A plan to call on daysailer and windjammer owners to review decades of old license and ordinance rules has evolved since June 19, after a tied Select Board vote failed to undo a change they made on May 1 to increase windjammer day-sails from three to 15 days each season.

On June 19, Select Board members Taylor Benzie and Alison McKellar voted to rescind the license change, in order to allow for more time for discussion among the commercial boat owners. Board members Bob Falciani and Marc Ratner voted against undoing the change. Board member Jenna Lookner was absent.

Benzie was not a member of the Select Board on May 1, when the board voted to approve a request to change the windjammer license presented by Harbormaster Steve Pixley and long-time windjammer owner, Ray Williamson.

Since May 1, nearly all of the day-sail and windjammer owners who sail from Camden Harbor have opposed the change to allow 15 windjammer day-sails.

Six daysailer owners and six windjammers owners signed letters to town officials requesting the May 1 vote be rescinded. The letters faulted the Select Board for disregarding the harbor ordinance and procedures for vetting and changing ordinances, and for not informing the windjammer owners that their licenses had changed.

Town Manager Audra Caler-Bell talked about a process going forward on June 25, that will involve all the stakeholders, and mirrors the standard process for proposing changes to town ordinances

The boat owners have been asked to get together and come up with their recommendations, she said. She believes their recommendations will go to the Harbor Committee. That committee would review the boat owners' recommendations, come up with ordinance amendments, and explain how those amendments would change the license agreements for both windjammers and daysailers. Once the Harbor Committee recommendation is developed, it would be presented to the Select Board for further work, and then to public hearing, so that it can be placed on a town meeting warrant.

Caler-Bell expects this will all take time, given the fact that the commercial day-sail and windjammer owners are not available during the sailing season. She believes there is a lot of work ahead, and that a November vote is not a realistic time frame.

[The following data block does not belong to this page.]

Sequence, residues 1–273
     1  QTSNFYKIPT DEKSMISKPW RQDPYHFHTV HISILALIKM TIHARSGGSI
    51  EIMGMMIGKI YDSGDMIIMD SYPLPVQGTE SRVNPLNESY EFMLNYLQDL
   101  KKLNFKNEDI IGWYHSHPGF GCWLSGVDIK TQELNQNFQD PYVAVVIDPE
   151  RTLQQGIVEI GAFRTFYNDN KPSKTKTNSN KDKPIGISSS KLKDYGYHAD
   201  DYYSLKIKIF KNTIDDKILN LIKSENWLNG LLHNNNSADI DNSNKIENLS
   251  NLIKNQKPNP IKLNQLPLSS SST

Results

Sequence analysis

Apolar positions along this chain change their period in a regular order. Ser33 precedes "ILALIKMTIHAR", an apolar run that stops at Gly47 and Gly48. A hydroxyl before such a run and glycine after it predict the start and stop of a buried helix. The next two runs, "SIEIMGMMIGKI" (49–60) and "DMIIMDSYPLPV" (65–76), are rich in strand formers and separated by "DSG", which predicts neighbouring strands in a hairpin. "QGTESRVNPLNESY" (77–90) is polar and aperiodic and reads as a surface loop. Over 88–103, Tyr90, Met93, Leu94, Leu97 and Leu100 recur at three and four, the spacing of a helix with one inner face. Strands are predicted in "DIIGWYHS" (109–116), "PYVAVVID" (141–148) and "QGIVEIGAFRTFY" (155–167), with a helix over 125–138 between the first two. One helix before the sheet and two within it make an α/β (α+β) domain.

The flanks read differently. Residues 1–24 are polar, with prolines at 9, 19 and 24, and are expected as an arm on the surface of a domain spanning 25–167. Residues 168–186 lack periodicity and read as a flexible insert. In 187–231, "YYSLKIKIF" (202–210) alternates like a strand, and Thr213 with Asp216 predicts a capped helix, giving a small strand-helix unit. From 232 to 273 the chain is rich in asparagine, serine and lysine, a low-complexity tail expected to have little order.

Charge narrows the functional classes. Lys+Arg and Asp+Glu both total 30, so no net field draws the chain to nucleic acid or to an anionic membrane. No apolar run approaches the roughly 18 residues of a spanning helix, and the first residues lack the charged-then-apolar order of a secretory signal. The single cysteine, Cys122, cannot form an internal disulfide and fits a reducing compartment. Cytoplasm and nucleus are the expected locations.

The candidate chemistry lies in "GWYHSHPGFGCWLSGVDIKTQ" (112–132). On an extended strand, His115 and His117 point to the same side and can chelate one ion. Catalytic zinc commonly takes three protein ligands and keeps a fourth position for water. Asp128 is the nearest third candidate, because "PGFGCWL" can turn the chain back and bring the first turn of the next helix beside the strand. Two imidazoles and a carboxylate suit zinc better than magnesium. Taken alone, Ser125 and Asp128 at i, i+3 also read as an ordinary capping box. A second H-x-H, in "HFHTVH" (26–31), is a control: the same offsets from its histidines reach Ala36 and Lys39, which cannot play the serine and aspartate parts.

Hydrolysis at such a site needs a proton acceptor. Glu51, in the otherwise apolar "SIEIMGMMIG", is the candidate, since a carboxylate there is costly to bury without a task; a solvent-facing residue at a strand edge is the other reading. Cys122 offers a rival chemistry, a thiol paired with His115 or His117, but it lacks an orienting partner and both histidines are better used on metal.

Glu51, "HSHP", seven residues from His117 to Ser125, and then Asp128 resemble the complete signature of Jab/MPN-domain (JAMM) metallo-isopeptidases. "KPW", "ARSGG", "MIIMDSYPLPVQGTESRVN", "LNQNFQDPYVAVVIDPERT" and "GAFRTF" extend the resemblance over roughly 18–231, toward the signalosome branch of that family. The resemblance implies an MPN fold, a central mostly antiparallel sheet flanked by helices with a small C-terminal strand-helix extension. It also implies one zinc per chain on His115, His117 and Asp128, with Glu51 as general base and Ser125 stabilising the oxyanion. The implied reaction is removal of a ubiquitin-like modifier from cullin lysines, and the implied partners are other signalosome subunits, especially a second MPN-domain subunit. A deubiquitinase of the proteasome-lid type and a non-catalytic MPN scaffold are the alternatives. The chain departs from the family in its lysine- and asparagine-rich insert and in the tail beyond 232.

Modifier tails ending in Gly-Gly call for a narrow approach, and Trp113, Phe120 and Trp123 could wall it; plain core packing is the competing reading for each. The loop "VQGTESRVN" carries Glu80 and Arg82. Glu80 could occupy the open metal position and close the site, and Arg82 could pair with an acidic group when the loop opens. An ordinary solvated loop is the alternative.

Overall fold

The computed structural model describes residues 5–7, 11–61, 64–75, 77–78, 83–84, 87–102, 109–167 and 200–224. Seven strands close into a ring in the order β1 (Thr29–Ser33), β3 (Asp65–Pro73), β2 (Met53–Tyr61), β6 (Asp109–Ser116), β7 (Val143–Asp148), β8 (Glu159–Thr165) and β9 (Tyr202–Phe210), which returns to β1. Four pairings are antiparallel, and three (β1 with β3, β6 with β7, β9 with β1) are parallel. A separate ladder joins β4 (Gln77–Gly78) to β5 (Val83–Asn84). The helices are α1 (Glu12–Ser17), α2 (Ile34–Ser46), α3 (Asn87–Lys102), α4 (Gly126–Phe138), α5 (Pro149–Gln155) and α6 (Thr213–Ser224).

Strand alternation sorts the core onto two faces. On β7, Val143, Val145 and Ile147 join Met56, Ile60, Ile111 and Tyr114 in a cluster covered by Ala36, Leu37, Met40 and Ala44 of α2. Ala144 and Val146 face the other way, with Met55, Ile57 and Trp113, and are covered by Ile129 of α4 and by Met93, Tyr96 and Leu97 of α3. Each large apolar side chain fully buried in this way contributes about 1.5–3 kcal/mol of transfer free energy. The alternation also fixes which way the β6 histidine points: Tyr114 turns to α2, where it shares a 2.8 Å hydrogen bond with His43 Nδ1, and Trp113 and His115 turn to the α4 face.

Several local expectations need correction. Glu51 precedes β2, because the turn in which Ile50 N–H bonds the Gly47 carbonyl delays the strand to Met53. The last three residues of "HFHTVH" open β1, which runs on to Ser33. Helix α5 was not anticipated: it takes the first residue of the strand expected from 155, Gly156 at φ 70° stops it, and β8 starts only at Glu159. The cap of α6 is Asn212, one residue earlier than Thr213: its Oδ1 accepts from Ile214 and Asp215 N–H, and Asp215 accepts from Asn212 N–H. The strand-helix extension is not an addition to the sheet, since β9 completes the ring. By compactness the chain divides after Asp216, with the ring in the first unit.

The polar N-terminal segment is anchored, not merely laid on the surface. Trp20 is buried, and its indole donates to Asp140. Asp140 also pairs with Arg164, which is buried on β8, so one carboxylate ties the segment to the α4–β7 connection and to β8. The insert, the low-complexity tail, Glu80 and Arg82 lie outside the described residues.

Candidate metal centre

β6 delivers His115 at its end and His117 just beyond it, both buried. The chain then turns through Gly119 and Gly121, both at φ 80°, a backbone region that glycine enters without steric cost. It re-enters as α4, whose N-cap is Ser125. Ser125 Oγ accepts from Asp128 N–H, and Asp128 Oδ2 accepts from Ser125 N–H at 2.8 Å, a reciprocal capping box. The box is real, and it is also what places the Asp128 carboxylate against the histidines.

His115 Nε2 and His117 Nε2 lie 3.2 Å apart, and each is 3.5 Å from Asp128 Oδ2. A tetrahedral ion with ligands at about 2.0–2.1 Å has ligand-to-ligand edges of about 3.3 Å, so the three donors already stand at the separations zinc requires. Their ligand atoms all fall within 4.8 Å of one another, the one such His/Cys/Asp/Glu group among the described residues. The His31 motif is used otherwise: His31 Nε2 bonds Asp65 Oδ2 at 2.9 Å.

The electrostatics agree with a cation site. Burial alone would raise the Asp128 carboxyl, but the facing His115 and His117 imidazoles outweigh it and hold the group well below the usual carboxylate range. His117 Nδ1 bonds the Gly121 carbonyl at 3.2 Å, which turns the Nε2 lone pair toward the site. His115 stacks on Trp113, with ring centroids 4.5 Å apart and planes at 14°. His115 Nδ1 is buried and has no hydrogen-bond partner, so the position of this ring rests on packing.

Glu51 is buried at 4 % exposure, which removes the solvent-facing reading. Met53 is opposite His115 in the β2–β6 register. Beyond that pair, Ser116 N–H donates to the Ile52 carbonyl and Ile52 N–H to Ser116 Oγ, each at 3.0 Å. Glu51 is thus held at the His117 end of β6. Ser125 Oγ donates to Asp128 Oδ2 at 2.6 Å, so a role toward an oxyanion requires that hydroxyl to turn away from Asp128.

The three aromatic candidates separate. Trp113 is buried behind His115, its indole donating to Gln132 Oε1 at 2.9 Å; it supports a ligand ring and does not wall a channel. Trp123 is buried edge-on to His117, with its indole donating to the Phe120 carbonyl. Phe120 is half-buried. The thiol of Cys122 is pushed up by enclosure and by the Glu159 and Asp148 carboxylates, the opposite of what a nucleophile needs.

On June 25, Harbormaster Steve Pixley said he "wasn't expecting opposition to the Select Board's new ideology that they want to open up the industry a little bit, and take some of the historical restrictions off their historical landmarks." He pointed out that one of the goals stated in Camden's Comprehensive Plan is to create as many boating options for the public as possible.

The Select Board liked Williamson's proposal to offer a long day-sail with a hot meal, and offer visitors "another option to experience this amazing coast," he said. If anything was a surprise to Pixley it was how quickly the board voted on the idea. He assumed it would be discussed over time the way most things are. He said that while the windjammer license change was on the board's agenda, in the past commercial boat owners would have been alerted to the upcoming discussion. He understands this did not happen, and how they feel they were left out of the discussion.

The windjammer agreements and harbor ordinances are decades old, Pixley said, and both control how parts of the businesses operate. One stipulates windjammers cruises must be a minimum of three days, while the other grants three-day-sails as charters for occasions such as weddings.

At the June 19 Select Board meeting day-sail and windjammer owners, and Harbor Committee and board members shared their views.

Richard Stetson, Harbor Committee chairman, asked board members "to wind the clock back and do this differently." He said the immediate problem is the 15 day-sails now allowed to windjammers.

Aaron Lincoln, owner of daysailers Olad and Cutter Owl, said he has been in the business for 19 years. "We have survived because we follow a process and its super clear," he said. He spoke about how daysailers and windjammers have been able to thrive in Camden, and how boat mortgages and bank agreements are based on the licenses. Lincoln said the type of discussion occurring at the June 19 would normally occur during the off-season, saying he had just worked for 21 days straight.

Ramiro De Acevedo Ramos, owner of daysailer Surprise, with his wife, Nicole, said they have operated their business for five years in Camden Harbor. He has been sailing professionally from the harbor for 20 years. He referred to a change to the daysailer license two years ago that allowed owners to sell day-sail tickets at tables on the Public Landing for a second boat, which is not berthed at town-owned daysailer floats. He described the process prior to Select Board approval of that change as involving at least five Harbor Committee meetings, and responding to about a hundred questions.